The bridge that collapsed this week in Genoa, Italy and tragically killed at least 39 people has an unusual tie to Castlegar of all places: the architect.
The Kinnaird Bridge, designed by Riccardo Morandi, is part of Highway 3 and crosses the Columbia River between Ootischenia and Castlegar. It is maintained by the Ministry of Transportation and Infrastructure (MOTI).
The bridge was designed in 1960 and construction was completed in 1965. Its span of about 200 metres is much shorter than the Italian bridge which was just over a kilometre long.
In a statement, MOTI said although both bridges were both the work of Morandi, the designs are very different
“It is important to note that the Kinnaird Bridge differs significantly in size, design and structure type than the one that failed in Italy,” the ministry said.
“The Kinnaird Bridge has an excellent history, with no safety issues on record since it was built in 1965. It has undergone routine maintenance and minor repairs over the years, including bridge deck resurfacing, concrete sidewalk repairs, joint replacements and railing repairs.”
MOTI also said that the most recent inspection of the Kinnaird Bridge indicates that it is in good condition, and there are preliminary plans to conduct additional detailed inspections.
“Once the cause of the collapse in Genoa is confirmed, we can use that information to decide if any further action may be required for our bridges,” said MOTI.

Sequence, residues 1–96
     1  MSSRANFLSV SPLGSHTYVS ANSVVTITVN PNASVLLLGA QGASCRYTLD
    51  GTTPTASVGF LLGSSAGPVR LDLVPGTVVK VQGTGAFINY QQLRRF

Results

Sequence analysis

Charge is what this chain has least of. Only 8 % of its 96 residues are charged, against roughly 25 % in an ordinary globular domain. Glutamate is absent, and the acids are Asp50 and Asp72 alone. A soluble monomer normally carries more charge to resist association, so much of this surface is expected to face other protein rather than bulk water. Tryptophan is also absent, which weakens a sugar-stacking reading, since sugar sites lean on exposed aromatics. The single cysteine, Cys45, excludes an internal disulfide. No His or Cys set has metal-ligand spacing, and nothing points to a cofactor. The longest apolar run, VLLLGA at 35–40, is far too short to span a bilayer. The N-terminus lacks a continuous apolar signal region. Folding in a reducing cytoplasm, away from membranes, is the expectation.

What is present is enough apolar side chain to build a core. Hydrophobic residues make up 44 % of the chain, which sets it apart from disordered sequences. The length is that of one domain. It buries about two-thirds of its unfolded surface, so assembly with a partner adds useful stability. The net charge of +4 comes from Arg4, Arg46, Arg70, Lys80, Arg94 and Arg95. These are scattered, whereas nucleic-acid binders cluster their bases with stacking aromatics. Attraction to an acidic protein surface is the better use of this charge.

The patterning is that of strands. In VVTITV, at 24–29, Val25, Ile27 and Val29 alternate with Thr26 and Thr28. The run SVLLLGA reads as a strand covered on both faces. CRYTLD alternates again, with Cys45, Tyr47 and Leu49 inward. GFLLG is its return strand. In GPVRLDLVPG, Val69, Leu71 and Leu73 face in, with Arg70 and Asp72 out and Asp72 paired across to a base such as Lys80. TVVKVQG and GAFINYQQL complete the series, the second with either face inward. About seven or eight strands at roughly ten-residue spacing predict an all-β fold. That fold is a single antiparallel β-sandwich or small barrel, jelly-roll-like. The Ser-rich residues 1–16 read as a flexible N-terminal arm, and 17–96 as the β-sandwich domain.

MOTI added that all of B.C.’s bridges, including the Kinnaird Bridge, are inspected every year and that the ministry supplements these with more extensive detailed inspections as needed.
“The ministry employs professional bridge engineers and qualified, trained bridge personnel to conduct all inspections of our bridges,” said MOTI.
In 2011 the City of Castlegar added water and sewer utilities to the underside of the bridge in order to service the airport lands across the river from the city.
Castlegar CAO Chris Barlow said that the city inspects the utilities installation every three years, with the most recent inspection being 2017.
It is likely that many cities around the world will be taking a look at Morandi’s work. His carreer began in 1927 and spanned into the 1980s. Much of his work focused on reinforced and prestressed concrete structures.
In addition to bridges, he also worked on churches, cinemas, office buildings, aircraft hangars and the Fiumicino Airport in Rome. In 1969 he was appointed professor of bridge design at the University of Florence and the University of Rome.